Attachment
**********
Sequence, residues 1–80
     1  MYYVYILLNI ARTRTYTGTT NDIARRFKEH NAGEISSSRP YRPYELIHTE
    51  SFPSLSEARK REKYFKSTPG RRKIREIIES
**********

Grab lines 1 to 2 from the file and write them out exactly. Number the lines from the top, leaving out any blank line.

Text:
Sequence, residues 1–80
     1  MYYVYILLNI ARTRTYTGTT NDIARRFKEH NAGEISSSRP YRPYELIHTE